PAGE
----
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The Green Revolution: Inducement and Distribution

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  • YUJIRO HAyAMI

    (Tokyo Metropolitan University)

  • VERNON W RUTTAN

    (University of Minnesota.)

Abstract

The development and diffusion of modern varieties of rice and wheat in Asia were induced by changing resource endowments. More productive biological and chemical technologies capable of offsetting the effects of population growth are a necessary condition for simultaneous achievement of growth and equity. The new income streams generated by technical change have become a powerful source of demand for institutional change. But rapid growth in rural incomes is also dependent on growth of demand for labour in the non-agricultural sectors.

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Bibliographic Info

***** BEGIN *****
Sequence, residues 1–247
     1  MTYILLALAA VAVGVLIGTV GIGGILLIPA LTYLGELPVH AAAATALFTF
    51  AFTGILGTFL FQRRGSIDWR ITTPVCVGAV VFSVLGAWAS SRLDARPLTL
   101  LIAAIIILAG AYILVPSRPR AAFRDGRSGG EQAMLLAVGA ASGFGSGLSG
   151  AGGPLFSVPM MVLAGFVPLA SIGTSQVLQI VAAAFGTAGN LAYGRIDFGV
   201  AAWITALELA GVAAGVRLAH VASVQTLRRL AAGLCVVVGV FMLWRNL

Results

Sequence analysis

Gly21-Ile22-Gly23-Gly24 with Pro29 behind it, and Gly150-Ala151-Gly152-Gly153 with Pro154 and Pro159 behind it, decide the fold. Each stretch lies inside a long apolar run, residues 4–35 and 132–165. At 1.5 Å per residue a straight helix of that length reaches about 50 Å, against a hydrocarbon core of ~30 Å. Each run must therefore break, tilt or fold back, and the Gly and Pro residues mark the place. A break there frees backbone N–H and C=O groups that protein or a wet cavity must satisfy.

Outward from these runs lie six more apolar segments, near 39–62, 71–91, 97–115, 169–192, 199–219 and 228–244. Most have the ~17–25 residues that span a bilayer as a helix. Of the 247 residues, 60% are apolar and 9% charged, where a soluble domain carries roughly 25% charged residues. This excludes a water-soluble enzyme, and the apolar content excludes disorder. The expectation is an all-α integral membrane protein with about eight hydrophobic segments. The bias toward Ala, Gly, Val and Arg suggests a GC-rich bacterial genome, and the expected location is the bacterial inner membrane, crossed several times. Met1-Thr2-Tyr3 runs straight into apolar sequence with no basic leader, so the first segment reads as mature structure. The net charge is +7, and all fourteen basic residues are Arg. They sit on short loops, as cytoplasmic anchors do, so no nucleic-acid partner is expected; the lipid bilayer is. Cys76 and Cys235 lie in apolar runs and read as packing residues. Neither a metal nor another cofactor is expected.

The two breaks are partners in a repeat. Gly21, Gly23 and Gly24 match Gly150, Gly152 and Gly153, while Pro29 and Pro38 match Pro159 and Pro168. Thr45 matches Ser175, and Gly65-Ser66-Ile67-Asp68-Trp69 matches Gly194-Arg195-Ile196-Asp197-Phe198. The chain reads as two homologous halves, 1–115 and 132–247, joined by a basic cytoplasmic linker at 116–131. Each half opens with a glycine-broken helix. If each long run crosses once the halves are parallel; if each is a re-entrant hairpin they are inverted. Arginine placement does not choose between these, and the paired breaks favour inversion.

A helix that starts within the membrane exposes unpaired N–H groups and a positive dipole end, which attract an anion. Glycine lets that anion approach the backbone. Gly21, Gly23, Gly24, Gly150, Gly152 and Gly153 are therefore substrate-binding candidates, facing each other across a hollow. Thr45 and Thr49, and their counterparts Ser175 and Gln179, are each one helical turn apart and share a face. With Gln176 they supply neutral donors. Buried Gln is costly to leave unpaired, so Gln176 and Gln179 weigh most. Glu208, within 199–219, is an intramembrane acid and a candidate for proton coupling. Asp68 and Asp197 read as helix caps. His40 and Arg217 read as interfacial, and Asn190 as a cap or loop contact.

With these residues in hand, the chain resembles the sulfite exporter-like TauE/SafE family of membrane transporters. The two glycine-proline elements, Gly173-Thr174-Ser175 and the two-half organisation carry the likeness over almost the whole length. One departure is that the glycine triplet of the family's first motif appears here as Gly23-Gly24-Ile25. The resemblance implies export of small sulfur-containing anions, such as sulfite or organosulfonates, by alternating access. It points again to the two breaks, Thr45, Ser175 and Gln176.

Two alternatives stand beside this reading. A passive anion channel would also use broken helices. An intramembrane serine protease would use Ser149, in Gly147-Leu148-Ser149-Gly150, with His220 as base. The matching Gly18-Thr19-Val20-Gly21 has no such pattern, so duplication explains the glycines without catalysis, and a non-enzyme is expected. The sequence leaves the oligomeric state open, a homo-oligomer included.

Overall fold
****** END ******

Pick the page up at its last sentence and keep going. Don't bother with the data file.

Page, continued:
Article provided by Pakistan Institute of Development Economics in its journal The Pakistan Development Review.

Volume (Year): 23 (1984)
Issue (Month): 1 ()
Pages: 37-63

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Handle: RePEc:pid:journl:v:23:y:1984:i:1:p:37-63

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  1. Blyn, George, 1983. "The Green Revolution Revisited," Economic Development and Cultural Change, University of Chicago Press, vol. 31(4), pages 705-25, July.
  2. M. Ghaffar Chaudhry, 1982. "Green Revolution and Redistribution of Rural Incomes. Pakistan's Experience," The Pakistan Development Review, Pakistan Institute of Development Economics, vol. 21(3), pages 173-205.
  3. Sidhu, Surjit S, 1974. "Relative Efficiency in Wheat Production in the Indian Punjab," American Economic Review, American Economic Association, vol. 64(4), pages 742-51, September.
  4. Staub, William J., 1973. "Agricultural Development and Farm Employment in India," Foreign Agricultural Economic Report (FAER) 145609, United States Department of Agriculture, Economic Research Service.
  5. Lele, Uma & Mellor, John W, 1981. "Technological Change, Distributive Bias and Labor Transfer in a Two-Sector Economy," Oxford Economic Papers, Oxford University Press, vol. 33(3), pages 426-41, November.
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